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Care and Maintenance of Your Whiteboards and Chalkboards

Care and Maintenance of Your Whiteboards and Chalkboards...

Care and Maintenance of Your Whiteboards and Chalkboards

When I joined the visual display board industry in 1994 there were two US manufacturers of porcelain steel chalk and marker writing surfaces. One located in Harrison, AL and the other in Alliance, OH. It was convenient to visit AllianceWall since I resided only 40 minutes away. An FYI, the AllianceWall manufacturing operation was acquired by Polyvision and a few years later was relocated to Okmulgee, OK.

After a few visits I’ll share with you what I learned. First, the descriptive term of “porcelain enamel” is popular but the actual industry term is “vitreous enamel”. Vitreous (Latin vitreum, meaning “glass”) enamel is powdered glass combined with other raw materials including silica sand (frit) that create the enamel solution. The frit is important as it creates an irregular surface texture that catches and holds the chalk or marker ink on the surface. Writing on a smooth surface, the chalk stick would pass over the surface without a mark and the marker pen ink would simply bead up.

I mention this because if you were to look at a chalk or marker writing surface under a microscope you would see the peaks and valleys (refer to Figure A) even though it is relatively smooth to the touch, especially with marker surfaces. The valleys hold the chalk or ink until it is wiped away.

In addition to frit to create the irregular surface texture, some surfaces such as glass marker boards or dry-erase wallcoverings use a corona treatment to modify the surface to the desired texture. The process treats the material with a high frequency corona discharge giving it an adhesive property so the dry erase ink will hold to the surface. All writing surfaces require the irregular surface to catch and hold chalk and ink and perform well with chalk or markers.

Marker pens use a “carrier” solvent to transition the pen’s reservoir of ink from the pen to the writing surface. A dry erase marker uses an oily silicon polymer solvent. Even after erasing the dry erase ink from the markerboard, a portion of the solvent may remain on the board’s surface. Left to build up on the surface, these solvents will impair your board’s performance. You may not be able to see it until your board is difficult to properly erase.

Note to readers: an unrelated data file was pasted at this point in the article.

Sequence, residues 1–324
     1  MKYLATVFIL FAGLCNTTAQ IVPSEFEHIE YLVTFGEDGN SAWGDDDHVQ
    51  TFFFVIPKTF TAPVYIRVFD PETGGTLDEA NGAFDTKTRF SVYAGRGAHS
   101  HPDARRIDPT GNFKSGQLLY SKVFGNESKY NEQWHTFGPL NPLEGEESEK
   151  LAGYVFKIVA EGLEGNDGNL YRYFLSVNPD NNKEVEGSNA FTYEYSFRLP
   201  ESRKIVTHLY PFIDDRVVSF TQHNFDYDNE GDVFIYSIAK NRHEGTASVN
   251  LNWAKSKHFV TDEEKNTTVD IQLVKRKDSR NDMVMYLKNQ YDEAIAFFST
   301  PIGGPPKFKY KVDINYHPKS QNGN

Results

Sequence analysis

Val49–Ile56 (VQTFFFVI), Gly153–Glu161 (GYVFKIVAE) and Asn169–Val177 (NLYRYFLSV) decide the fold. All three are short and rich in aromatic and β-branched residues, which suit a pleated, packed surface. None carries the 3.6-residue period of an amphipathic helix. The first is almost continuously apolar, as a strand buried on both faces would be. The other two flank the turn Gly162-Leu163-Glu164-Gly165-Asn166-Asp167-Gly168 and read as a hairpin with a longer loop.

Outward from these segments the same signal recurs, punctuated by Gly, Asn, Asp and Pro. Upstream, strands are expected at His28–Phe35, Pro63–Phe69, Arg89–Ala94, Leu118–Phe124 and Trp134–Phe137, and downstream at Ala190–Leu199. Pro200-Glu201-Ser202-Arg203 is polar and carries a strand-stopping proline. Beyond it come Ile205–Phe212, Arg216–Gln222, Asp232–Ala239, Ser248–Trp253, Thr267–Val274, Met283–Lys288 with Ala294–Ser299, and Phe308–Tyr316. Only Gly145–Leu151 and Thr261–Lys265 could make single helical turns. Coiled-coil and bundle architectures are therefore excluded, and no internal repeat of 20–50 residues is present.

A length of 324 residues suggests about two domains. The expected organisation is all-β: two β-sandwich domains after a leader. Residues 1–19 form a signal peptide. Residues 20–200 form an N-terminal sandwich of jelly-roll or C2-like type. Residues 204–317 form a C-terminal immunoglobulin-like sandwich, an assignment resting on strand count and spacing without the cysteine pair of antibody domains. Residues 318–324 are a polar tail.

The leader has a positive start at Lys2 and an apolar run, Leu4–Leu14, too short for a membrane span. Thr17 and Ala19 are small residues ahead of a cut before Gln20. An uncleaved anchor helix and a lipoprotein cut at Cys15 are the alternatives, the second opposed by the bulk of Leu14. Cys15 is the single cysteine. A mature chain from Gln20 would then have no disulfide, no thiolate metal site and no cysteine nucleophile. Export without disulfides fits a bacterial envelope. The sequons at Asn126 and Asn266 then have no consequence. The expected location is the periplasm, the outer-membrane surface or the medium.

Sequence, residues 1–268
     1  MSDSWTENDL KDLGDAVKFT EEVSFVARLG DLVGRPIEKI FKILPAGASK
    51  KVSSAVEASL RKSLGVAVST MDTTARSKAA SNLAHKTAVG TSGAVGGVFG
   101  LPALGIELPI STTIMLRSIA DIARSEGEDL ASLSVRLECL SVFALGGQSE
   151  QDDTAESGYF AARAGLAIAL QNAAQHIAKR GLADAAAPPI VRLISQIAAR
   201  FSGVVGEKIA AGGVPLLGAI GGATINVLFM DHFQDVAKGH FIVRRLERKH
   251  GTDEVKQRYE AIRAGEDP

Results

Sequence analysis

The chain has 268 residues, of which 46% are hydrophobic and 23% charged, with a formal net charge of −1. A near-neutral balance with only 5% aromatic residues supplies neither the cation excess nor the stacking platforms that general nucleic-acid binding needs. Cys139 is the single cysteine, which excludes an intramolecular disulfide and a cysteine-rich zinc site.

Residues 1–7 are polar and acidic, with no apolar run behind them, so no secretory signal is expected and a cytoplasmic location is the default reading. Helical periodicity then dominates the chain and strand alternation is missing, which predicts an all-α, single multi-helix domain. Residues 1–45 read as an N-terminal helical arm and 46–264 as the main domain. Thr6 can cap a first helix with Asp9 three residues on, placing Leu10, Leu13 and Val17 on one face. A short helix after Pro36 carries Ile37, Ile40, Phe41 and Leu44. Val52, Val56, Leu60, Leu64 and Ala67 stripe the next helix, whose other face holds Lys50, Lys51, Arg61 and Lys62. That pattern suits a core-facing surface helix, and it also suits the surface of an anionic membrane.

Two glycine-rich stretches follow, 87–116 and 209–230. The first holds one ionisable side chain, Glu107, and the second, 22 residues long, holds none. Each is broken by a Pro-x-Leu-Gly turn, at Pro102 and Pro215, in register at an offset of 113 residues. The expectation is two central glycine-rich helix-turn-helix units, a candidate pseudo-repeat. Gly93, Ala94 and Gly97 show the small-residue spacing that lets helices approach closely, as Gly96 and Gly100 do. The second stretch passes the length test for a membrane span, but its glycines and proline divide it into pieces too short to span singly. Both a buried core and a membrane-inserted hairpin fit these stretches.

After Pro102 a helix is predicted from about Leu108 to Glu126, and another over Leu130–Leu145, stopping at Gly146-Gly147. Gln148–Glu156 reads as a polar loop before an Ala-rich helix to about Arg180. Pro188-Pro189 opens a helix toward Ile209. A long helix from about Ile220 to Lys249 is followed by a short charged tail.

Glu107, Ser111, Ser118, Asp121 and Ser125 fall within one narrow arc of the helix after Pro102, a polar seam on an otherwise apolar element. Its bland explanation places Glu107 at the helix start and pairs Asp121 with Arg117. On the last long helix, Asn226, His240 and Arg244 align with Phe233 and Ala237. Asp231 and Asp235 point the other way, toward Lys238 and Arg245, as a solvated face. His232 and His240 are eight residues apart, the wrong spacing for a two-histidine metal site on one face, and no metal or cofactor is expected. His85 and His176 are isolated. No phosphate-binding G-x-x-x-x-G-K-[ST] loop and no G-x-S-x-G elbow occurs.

Why is this important for your understanding before we explore the care and maintenance of your chalk and marker boards? If you don’t regularly and properly clean the chalk or marker surface, the chalk or ink solvent held in the “valleys”, will build-up over time (refer to Figure B) and will negatively impact the performance of your writing surface. The longer this residual chalk or ink solvent remains, the more difficult it is to erase. This can be true with any writing surface whether porcelain or otherwise.

Let’s talk about how we can prevent this from happening or what you may be able to do if it does.

Troubleshooting Performance Issues with Your Chalk and Whiteboards

The most common issue raised among those using whiteboards is the ghosting, or residual marker ink remaining on the surface after erasing. Typically, the ink is trapped in a film or residue remaining on the writing surface itself. Fix: Do a thorough cleaning with a whiteboard cleaner. Use a clean towel to dry the surface.

Dirty or Wrong Erasers – when using the wrong or dirty eraser, erasing only buries the ink solvents deeper into valleys and causes ghosting. Fix: The best eraser I’ve found is a Microfiber towel. They pull the dry ink away from the writing surface and are easily cleaned for reuse. Make sure erasers are routinely switched out with a clean eraser to ensure a good writing and erasing surface at all times.

One other item to note. When permanent marker is used on some of the better-quality marker surfaces, tracing over the permanent marker writing or marks with a dry-erase marker will break down the permanent marker ink and the writing or marks will wipe off.